Without giving too many things away, here are a few interesting facts about the war:  In the United States, we pretty much retreated into the Rocky Mountains for refuge as the rest of the nation was overrun.  Japan evacuated their island nation because there was nowhere they could defend without infestation.  Cuba, because of its isolation was least effected by the epidemic and became a world power after the war.  Zombies freeze during the winter months and are not a threat to humans; however, they thaw out in spring and are as nasty as ever.  Zombies are not affected by water or the ocean's depths.  There are millions of zombies walking around on the bottom of the oceans, and they periodically emerge on beaches looking for meat to eat.
    I would highly recommend this book.  It seems we're currently in a similar stage with all the zombie stories as we were a few years ago with all the vampire stories.  I wish AMC's Walking Dead was back right now!

Monday, September 2, 2013

The Strain (trilogy)

I used to like vampires. One of my all-time favorite TV shows is Buffy the Vampire Slayer. Then Twilight took over the world. The biggest problem with Twilight is not the books and the movies. The biggest problem is that vampires turned up EVERYWHERE for a while. Such is the nature of popular culture. But there was something about this book and trilogy that caught my attention. That something is Guillermo Del Toro. One of my favorite movies is Hellboy (and the sequel). You may know him as the man who directed Pacific Rim. This was one of the big summer movies. I did not know he wrote books and I found them in a sale rack at a Barnes and Nobles store. I read the entire trilogy in just about four days. I could not put them down. He restored my faith in the vampire genre.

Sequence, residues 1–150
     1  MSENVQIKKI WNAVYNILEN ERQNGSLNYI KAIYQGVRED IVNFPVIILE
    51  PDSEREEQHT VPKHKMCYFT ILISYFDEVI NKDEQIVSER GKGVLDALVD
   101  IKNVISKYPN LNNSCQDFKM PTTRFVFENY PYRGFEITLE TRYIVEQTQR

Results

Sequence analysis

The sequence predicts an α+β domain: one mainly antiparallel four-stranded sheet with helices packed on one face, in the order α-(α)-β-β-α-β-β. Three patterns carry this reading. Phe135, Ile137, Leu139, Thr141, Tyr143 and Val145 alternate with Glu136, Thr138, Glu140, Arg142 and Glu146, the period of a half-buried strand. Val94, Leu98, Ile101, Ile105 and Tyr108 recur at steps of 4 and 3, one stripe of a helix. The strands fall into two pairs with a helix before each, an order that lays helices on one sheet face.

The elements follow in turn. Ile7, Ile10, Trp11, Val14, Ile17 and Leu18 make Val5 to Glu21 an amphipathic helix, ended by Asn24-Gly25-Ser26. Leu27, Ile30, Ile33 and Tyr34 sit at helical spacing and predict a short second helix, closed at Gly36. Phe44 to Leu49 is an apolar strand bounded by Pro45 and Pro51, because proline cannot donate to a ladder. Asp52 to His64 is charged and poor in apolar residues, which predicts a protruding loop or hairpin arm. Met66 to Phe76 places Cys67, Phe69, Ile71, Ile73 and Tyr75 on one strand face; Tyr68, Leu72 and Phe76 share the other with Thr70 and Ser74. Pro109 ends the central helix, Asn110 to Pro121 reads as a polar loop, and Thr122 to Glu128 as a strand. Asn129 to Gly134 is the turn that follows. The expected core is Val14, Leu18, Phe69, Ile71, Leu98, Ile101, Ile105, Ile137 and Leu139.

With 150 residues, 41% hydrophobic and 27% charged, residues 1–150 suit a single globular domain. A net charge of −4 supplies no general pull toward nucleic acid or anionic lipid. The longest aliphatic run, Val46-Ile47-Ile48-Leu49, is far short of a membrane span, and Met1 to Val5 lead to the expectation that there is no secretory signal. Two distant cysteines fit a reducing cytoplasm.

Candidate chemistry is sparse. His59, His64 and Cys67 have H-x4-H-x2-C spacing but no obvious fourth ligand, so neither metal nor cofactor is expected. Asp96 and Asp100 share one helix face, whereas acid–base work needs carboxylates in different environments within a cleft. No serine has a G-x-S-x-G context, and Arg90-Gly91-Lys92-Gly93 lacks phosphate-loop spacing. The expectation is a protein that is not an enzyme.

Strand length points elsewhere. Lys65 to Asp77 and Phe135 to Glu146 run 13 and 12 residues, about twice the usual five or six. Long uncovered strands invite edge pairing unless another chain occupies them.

This story is really like a mash up of several styles. Initially the book starts like a thriller/mystery when a plane full of peope lands and then dies. The plane loses all power and sits on the runway. The CDC is called in when it is discovered that everyone on board was dead except for four people. As the investigation proceeds the CDC learns that the problem is not a disease or typical virus. Within days all the dead come back to life as vampires. Not the Dracula type. Scary and dangerous vampires who begin to take over neighborhoods, towns, cities and eventually the planet. The book then turns into a great horror book. Then it becomes a fantasy when the history is folded in. Then it becomes a science fiction book. Then it becomes a story about the power of family. Then it get the point. This series is amazing.
There characters we well developed and you care what happens to them. When someone dies (not a spoiler) you feel bad for them and the survivors. There are some cliche moments, but they are handled so deftly that I never once felt cheated. It is not a gory book although it is very descriptive when the vampires attack.
Great books! I think it is time for me to revisit the horror genre. It was always my favorite. I have the first book on my Kindle and the others I have in hardcover. I can lend the last two but you really need the first one. Why the two formats? I bought the second two in a store and then realized they were parts two and three. I then found the first book for $1.99 on Total price for the trilogy? About $12.00! This is how I buy books. I like them cheap my money goes a little further.